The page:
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Sports betting brings gambling addiction concerns to Ohio

Posted at 9:05 AM, Jan 02, 2023
and last updated 2023-01-02 19:17:31-05

CLEVELAND — The start of sports betting in Ohio has finally arrived, and it’s not only the sports books that have been working behind the scenes preparing for the launch.

With apps on smartphones and local sports books offering a variety of places to place your bet, experts say the ease of mobile betting increases the temptation to bet more than you can afford and hide your gambling from concerned family members.

Local health experts believe that could cause a surge of gambling problems among local residents.

“Gambling is addictive because it does that so often, and especially if you get that first big, it can be a huge surge of dopamine and that can be the start of the addiction," said problem gambling counselor Bill Newberry.

The National Council on Problem Gambling reports that over 5 million people experience a gambling problem every year. One of them spoke anonymously to News 5 Cleveland about the hardships his gambling addiction caused in his life.

“If I could take back that first step, walking in that direction, I'd definitely do it,” John said.

John is 58 years old and estimates his gambling addiction dates back to 1980. He remembers the first time he turned a $6 bet into a $40 payout.

“I thought, wow, this is pretty crazy. This must be pretty easy. And, boy, was I wrong,” John said.

He knew he had a problem when he began hiding his gambling and looking for excuses to meet friends at the racetrack and casinos.

“I've been married going on 34 years, so that's a long time. We've been blessed with two beautiful children,” John said. “I just thought it was time to go all in and be totally honest with everything and do the right thing.”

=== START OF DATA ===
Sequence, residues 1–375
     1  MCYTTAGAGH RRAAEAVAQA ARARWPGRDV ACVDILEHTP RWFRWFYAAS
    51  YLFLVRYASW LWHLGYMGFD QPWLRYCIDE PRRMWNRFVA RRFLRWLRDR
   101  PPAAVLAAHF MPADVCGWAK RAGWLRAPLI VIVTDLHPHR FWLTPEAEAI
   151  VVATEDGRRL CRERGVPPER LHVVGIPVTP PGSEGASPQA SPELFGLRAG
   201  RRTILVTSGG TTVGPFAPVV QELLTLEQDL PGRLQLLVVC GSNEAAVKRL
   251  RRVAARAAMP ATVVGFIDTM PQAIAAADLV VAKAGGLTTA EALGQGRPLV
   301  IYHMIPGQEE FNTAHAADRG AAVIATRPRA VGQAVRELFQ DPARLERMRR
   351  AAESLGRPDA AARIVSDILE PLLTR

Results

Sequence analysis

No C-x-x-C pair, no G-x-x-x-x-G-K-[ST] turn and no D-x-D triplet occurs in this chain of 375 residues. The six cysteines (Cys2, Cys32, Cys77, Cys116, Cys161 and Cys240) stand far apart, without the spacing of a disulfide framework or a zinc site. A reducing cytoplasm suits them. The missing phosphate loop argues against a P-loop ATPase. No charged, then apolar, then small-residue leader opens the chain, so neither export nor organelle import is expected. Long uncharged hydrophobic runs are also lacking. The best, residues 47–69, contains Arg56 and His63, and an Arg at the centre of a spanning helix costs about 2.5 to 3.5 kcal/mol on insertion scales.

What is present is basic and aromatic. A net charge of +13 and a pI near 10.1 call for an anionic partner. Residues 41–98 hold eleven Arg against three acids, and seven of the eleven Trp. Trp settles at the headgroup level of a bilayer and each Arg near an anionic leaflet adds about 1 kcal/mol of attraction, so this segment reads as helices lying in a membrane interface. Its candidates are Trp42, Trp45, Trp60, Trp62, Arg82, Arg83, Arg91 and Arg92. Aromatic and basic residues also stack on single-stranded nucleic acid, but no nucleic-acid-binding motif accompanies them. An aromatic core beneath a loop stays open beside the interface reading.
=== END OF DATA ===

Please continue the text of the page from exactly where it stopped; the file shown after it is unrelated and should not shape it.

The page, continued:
A gambling addiction can also be a co-occurring issue with substance abuse disorders, and health professionals say the dopamine hit placing a bet gives the body is identical to a drug addiction.

“Let's say with the $10 or $20 bet, you'll win some money. And let's say you have $500 in your pocket,” John said. “Now, all of a sudden, you're throwing out fifties and hundreds. And before you know it, you're standing there with nothing left in your hand.”

The Problem Gambling Network of Ohio and Ohio for Responsible Gambling have come up with a new program: pause before you play. It’s designed to encourage bettors to take that extra second to think before placing a bet.

“If you keep jumping in and betting on the same thing over and over again, that can cause a problem without even thinking about it,” Newberry said.

The biggest at-risk group is men ages 18-35. Experts stress the importance of knowing the signs of problem gambling and understanding that local agencies are providing recovery tools.

“You have to get help. And when you do that, you'll slowly start to see the layers peel back on what you've been hiding,” John said. “Once you get down to that truth and everything, it just turns into the amazing thing.”

You should never gamble for reasons other than entertainment. Experts suggest treating it more for fun and encourage bettors to never gamble for money as a source of income.

They also recommended against chasing losses and suggested individuals should treat the money they lose as the cost of their entertainment.

“If I could go back, I would try to draw something out on paper in regard to how much better things could have been and how much money, how much more money you could have saved instead of throwing it down the drain on gambling,” said John.

If you think you or someone you know has a gambling program, call the Problem Gambling Helpline at 800-589-9966, or click here for a list of resources near you.

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